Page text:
Medical patients and producers are hoping that, with legalization on the horizon, the insurance industry will change policies for medical patients, especially those that use it in liquid or edible form.
Pan said insurers rate cannabis use at the same risk level as tobacco use, according to research done by the industry.
B.C. Centre for Excellence in HIV/AIDS infectious-disease epidemiologist Dr. M.J. Milloy said the available medical research proves that “it is inaccurate and inappropriate to put cannabis on the same rung” as smoking.
“Tobacco use is going to be the prime risk factor in the death of something like 15,000 to 20,000 Canadians this year due to lung cancer,” Milloy said. “There is no good evidence to suggest that people who smoke cannabis have a raised risk of lung cancer or other respiratory or cardiovascular diseases than people who do not.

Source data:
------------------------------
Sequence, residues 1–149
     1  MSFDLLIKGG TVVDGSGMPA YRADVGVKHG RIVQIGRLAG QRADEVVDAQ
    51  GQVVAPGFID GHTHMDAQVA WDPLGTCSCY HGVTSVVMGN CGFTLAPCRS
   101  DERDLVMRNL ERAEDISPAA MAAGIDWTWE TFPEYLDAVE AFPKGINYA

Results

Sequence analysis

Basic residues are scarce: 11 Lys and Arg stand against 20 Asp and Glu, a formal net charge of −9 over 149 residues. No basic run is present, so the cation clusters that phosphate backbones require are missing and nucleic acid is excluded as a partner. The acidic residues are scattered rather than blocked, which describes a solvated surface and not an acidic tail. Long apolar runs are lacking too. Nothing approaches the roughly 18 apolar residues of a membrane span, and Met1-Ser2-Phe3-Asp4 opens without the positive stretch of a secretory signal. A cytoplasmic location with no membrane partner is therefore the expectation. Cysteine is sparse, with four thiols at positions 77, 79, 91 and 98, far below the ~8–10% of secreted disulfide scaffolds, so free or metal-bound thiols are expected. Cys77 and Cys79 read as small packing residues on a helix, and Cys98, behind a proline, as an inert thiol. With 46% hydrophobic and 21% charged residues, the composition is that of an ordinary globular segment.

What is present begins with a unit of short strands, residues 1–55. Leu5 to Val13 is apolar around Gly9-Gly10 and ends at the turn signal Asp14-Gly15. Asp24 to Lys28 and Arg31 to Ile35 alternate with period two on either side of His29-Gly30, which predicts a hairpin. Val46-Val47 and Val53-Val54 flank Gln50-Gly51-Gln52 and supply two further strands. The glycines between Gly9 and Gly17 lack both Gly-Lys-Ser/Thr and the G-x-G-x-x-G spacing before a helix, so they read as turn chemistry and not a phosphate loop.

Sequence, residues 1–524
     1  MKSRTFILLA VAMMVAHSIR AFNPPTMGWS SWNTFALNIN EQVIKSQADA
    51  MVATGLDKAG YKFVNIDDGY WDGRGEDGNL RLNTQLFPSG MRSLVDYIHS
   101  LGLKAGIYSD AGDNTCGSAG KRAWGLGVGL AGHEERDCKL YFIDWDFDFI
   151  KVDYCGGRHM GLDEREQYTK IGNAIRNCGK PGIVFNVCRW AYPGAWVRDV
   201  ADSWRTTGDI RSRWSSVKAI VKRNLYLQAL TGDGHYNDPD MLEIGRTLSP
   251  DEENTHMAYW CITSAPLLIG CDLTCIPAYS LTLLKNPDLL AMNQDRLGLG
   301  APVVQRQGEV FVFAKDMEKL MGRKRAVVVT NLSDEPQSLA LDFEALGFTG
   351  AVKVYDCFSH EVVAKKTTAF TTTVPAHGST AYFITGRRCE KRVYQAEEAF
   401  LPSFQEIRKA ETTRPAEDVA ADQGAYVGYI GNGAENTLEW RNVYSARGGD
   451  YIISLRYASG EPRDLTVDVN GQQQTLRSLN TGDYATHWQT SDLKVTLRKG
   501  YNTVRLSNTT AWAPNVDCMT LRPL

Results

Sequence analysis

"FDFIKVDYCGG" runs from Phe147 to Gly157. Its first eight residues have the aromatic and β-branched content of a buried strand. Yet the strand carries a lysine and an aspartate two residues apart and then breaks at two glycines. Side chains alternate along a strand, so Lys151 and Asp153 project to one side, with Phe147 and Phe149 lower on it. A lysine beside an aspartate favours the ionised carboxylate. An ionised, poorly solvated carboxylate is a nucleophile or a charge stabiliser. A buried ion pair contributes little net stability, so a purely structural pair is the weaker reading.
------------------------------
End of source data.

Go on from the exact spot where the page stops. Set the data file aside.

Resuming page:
“Microscopically, pathophysiologically, it’s been shown that smoking cannabis does do things to your lungs, but there’s never been any link proven between that usage and lung or cardiovascular complications.”
Pan said, recently, insurers have reviewed their policies on medical cannabis as new research is conducted, lowering rates.
“Before, those who used marijuana, let’s say once a week or even on a week-to-week basis, would be a decline – the insurance company would not cover them for life insurance or critical illness insurance,” Pan said.